8. This season, he insisted the Athletics give him a desirable locker next to a wall even though he has a career losing record.

9. He greeted trick-or-treaters this past Halloween by spraying them with a garden hose and ordering them to "Get the f--- off my property."

10. Worst of all, he hasn't paid county real estate taxes on his mound since 2007.

BASEBALL CARD OF THE WEEK

Williams Card
Just another friendly neighborhood baseball player ...

This is one of my favorite cards (1983 Fleer, No. 628). On the front, we see Twins pitcher Al Williams looking very relaxed and happy. And why not? He's in a major league baseball uniform. Which definitely was not the case a few years earlier, as the back of the card reveals. In the space that normally delivers such mundane information as "He once pitched a no-hitter in high school" or "Sells insurance in the offseason," this card explains that Williams "was out of baseball for two years in 1977-78 as he served as Nicaraguan freedom fighter … Had to be smuggled out of Nicaragua in 1979 because government would not grant him visa." Amazing but true. Williams pitched two years in the Pirates' farm system, then fought 16 months with the Sandinista rebels. "I really missed baseball the two years I was out of it," Williams told The New York Times in 1981, "but I wasn't thinking about baseball all the time. I was just trying to stay alive." (Williams' 1982 Donruss card goes further into his backstory, detailing that Williams survived the devastating 1972 Nicaraguan earthquake that destroyed half his home.)

BOX SCORE LINE OF THE WEEK

New York's Raul Valdes had a line you almost never see -- 0 IP, 0 H, 0 R, 0 ER, 0 BB, 0 K -- thanks to throwing one pitch in the top of the sixth inning before Sunday's Mets-Atlanta game was ended by rain. Meanwhile, for Double-A Harrisburg, Stephen Strasburg pitched five hitless innings (5 IP, 0 H, 0 R, 0 ER, 6 K) and singled in the game's only run to improve his record to 3-0 with an ERA of 0.52 and keep his batting average at .333.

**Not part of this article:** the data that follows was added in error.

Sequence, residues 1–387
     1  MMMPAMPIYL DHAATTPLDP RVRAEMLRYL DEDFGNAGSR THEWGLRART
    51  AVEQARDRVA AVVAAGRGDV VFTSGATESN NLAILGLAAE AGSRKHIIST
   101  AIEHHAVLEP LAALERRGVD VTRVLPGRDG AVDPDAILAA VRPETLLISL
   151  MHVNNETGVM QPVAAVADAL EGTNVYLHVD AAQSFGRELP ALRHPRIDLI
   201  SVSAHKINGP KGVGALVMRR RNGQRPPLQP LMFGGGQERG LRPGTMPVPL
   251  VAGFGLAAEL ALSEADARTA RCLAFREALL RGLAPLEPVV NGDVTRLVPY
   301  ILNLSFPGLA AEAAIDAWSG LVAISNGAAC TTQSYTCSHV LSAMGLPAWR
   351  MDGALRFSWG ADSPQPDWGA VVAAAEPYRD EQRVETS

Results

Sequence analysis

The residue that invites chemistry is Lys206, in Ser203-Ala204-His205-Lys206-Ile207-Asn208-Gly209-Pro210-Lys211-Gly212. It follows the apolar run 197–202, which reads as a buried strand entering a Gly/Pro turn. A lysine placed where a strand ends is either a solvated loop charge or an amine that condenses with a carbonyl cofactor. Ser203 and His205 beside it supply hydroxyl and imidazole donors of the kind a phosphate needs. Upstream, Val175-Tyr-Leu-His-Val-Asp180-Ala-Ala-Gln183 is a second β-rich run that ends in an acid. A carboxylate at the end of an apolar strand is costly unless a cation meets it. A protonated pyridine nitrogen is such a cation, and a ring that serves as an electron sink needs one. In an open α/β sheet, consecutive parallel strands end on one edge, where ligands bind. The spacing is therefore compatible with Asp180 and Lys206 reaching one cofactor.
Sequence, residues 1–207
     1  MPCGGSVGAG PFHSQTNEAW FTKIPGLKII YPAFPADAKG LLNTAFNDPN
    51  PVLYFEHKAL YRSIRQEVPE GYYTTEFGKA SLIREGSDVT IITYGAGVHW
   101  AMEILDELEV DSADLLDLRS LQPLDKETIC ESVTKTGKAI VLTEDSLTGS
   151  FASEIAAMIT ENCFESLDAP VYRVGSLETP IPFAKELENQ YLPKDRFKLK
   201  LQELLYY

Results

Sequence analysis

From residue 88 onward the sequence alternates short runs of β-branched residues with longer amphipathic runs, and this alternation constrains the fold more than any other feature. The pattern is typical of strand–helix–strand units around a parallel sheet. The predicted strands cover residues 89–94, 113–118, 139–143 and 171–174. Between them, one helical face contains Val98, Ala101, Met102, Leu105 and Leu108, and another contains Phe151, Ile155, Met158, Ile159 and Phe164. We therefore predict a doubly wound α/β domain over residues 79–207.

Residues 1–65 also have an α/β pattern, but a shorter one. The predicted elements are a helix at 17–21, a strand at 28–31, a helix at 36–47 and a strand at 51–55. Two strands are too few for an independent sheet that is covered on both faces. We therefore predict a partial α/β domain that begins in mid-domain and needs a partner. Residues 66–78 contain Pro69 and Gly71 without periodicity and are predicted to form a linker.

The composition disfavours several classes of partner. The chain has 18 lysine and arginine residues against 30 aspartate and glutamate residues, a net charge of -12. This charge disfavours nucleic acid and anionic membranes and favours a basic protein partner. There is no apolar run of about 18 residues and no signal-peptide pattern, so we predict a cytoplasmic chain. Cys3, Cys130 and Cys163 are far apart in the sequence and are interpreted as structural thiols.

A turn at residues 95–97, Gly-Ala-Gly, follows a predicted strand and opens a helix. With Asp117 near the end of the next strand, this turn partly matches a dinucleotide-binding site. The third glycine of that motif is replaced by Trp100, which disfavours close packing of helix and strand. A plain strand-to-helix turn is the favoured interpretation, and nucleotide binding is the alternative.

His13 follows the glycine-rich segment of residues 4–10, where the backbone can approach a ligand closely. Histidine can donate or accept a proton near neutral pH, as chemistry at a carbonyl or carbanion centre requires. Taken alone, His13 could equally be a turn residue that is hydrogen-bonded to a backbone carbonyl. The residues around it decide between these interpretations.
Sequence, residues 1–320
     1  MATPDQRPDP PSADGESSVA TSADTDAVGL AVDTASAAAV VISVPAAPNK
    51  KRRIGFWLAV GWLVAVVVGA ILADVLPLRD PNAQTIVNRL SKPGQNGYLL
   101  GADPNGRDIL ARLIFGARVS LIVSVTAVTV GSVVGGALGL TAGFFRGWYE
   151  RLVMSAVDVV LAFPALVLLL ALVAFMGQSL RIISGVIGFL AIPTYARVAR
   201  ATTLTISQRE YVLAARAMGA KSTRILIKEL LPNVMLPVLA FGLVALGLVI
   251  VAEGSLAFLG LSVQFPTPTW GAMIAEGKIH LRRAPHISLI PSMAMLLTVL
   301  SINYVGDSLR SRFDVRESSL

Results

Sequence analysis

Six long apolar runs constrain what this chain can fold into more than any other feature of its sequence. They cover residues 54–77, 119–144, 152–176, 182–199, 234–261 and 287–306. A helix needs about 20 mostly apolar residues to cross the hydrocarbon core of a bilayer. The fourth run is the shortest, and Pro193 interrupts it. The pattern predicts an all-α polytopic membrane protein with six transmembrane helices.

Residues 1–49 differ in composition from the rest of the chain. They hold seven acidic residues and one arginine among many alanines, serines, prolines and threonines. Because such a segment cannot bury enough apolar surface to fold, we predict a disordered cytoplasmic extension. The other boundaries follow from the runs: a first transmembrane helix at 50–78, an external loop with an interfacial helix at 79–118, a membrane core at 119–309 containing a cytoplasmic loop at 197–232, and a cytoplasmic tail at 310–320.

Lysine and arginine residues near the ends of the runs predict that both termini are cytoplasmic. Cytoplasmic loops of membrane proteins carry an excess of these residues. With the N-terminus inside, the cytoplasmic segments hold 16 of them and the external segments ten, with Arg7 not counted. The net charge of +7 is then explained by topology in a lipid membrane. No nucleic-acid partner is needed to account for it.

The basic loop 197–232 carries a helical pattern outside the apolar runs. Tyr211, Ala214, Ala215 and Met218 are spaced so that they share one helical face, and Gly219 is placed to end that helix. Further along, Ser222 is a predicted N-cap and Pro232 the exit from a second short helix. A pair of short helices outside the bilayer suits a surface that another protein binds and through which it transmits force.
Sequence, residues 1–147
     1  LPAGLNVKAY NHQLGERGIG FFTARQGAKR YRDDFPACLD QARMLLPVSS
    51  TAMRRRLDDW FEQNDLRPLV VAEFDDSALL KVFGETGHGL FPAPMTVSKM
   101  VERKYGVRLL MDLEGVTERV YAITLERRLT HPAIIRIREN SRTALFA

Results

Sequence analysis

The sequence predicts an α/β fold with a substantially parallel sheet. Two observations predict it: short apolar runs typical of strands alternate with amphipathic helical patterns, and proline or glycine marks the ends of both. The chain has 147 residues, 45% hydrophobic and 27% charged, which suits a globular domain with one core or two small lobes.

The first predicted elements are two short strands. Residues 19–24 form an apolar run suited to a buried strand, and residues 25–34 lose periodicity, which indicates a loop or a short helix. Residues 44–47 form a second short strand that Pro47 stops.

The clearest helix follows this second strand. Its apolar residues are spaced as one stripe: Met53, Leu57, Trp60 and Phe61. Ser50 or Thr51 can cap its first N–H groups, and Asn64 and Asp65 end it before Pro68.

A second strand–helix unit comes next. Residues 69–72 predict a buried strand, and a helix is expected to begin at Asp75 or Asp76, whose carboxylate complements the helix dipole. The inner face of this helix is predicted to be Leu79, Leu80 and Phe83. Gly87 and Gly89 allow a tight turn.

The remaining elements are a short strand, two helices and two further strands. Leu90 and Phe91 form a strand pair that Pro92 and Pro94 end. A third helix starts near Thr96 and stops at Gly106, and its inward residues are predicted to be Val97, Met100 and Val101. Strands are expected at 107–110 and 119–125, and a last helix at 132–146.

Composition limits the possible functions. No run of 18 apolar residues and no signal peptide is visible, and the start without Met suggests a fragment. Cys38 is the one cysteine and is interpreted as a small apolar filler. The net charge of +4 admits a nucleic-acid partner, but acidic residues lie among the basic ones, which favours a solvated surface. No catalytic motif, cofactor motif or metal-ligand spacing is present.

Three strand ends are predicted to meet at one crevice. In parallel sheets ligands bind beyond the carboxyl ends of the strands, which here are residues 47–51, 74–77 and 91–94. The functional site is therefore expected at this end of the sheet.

Williams Card
... who also happened to leave the game to fight in a civil war.

But this week's award goes to Carlos Zambrano. What were the odds that, come the last week of April, Carlos Silva would be the top starter in the Cubs' rotation and Zambrano would be in the bullpen? That was the case, however, after Lou Piniella decided to move his $18.5 million-a-year former ace to relief so he could pitch some important innings. And so on Saturday, four days after a quality start against the Mets, Zambrano made his first relief appearance in eight years. His line:

1 1/3 IP, 2 H, 1 R, 1 ER, 1 BB, 1 K

Piniella says he made the switch because he needed someone dependable to help in the bullpen. That's understandable, but the general problem facing teams these days is their outright refusal to use their "closer" in anything other than a ninth-inning save situation, as well as a trend that has turned most other relievers into one-inning specialists.

For instance, the Mariners are being hampered by an extremely thin bench, which is the result of carrying two DHs (Ken Griffey Jr. and Mike Sweeney) and seven relievers. Seattle opened the season with six relievers, but manager Don Wakamatsu quickly decided he needed seven. The problem, however, wasn't a lack of relievers but a preponderance of specialists who rarely are required to pitch more than one inning and thus can quickly leave a team feeling short-handed. At last glance, the Mariners have used relievers 47 times, but on only seven occasions did they use them to retire more than four batters. They are far from alone.